Statement of Record

CategoryCriticism

The Inner Strength of Joan Didion

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By Jennifer Parker

“My only advantage as a reporter is that I am so physically small, so temperamentally unobtrusive, and so neurotically inarticulate that people tend to forget that my presence runs counter to their best interests. And it always does.”

Deep in the Heart of Chelsea

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By Jennifer Parker

Whether Susanne Bartsch was anointed or appointed “Queen of the Night” and patron saint of LGBTQ advocacy and inclusion is no less important than her ability to throw a rockus party where the only criteria for entry is making the effort to be fabulous.

FATHER UNFORSAKEN

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By Jon Curley

The narrator of Michael Kimball's fifth novel seeks to recount and commemorate his deceased father, the eponymous Big Ray, whose massive girth is only surpassed by the legacy of disquiet he bequeaths to his son...

A CLOTH HOUSE / KLEINBUB

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By Joseph Riippi

The captivating story of an infant's tragic death and a mother's despair is told through dactylic fragments in A Cloth House. In this haunting, melancholy novella, Joseph Riippi, eloquently weaves this calamitous story together with a nostalgic, honest voice of an adult and the remembrance of her life at her beach front homes...

KRAJEWSKA, BOUND / REED

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By John Reed

In the American experience, scale is all. A big land to conquer. Big dreams to tear out of the world. Big egos, big defeats, big victories. Beyond the American spectrum, scale will more often flitter beyond the spotlight; a thought, an instinct, a budget.

DON’T KISS ME / PETTY

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Todd Petty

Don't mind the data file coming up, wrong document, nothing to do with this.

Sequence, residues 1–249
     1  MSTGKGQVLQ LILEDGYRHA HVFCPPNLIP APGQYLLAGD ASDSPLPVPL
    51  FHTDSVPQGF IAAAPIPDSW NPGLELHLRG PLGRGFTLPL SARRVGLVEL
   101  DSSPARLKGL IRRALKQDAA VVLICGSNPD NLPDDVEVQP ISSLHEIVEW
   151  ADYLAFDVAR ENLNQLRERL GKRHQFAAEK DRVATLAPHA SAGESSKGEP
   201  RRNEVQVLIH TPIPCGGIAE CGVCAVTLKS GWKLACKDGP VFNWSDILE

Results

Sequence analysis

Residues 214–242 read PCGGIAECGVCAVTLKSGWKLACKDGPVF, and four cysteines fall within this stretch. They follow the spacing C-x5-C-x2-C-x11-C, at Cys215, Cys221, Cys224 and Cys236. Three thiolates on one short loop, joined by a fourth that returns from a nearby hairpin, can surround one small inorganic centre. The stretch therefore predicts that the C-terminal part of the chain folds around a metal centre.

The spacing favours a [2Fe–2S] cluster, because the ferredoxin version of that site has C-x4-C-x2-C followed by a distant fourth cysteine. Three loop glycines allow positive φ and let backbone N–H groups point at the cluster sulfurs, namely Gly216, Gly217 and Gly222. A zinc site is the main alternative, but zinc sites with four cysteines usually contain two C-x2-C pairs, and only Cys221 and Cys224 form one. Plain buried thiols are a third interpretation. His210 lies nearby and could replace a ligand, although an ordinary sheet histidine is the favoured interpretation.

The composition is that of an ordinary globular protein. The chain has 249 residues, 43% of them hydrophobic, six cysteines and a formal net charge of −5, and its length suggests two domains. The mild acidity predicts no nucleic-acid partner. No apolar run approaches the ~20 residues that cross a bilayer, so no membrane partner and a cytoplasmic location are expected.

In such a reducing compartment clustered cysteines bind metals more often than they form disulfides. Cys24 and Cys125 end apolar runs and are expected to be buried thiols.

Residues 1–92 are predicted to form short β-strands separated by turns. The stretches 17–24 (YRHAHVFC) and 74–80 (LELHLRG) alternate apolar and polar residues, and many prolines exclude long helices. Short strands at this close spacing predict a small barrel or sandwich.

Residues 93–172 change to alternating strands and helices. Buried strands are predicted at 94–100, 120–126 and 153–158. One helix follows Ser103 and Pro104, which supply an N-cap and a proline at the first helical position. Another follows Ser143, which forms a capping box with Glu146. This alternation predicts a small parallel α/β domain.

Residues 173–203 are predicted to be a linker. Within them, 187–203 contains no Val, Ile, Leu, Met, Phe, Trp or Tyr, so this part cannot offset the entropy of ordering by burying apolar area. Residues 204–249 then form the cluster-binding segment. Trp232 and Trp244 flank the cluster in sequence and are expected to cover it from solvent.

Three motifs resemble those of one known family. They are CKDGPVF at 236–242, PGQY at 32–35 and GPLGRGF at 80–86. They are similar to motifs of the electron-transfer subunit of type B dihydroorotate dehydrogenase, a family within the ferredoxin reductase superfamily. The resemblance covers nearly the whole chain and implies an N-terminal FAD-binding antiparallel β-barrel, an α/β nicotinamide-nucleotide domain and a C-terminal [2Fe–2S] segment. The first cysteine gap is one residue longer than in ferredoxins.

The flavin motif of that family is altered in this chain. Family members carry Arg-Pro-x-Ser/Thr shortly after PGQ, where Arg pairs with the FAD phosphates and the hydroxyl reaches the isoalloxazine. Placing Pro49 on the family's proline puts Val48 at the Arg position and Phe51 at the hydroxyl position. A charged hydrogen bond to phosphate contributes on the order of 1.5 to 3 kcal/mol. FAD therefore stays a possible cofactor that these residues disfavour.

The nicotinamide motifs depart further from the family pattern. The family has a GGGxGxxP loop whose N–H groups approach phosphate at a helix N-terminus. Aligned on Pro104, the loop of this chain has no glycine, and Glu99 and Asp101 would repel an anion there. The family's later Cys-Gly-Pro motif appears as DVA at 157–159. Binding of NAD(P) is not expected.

Combative and cautionary, Lindsay Hunter's most recent short story collection, Don't Kiss Me, offers readers fierce independence. The sophomore story collection is intent on grossing out and alienating some readers, but strange, unique and charming enough to attract plenty more.

DRIVER / HANLON

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By Mary Hanlon

You Are Not I, 1981:

Based on a short story by Paul Bowles, You are not I was named one of the best films of 1981 by the Cahiers du Cinema. Shortly after, the film burned up in a fire and was lost, until, in a Passion of Joan- style recovery, was discovered amongst Bowles belongings in Tangiers and screened for the first time in over...

KENNETH RISES / HANLON

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By Mary Hanlon

Kenneth Anger made films the way he thought they should look, illuminating some the most prohibited subject matter of his time.  His apathetic attitude towards narrative drive and general disinterest in Hollywood's opinion of him made him a founding father of American Underground and Queer Cinema...

REFUGEE HOTEL / KLEINBUB

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by Juliet Linderman (Author), Gabriele Stabile (Photographer)

We never learn the name of the woman in the photograph.  She is only identified in a photographic key, at the back of the book, as being a native from Burma who now lives in Saint Paul, Minnesota.  Those whose oral histories we learn are never matched with their photographs, only their native homelands and the American cities...

Statement of Record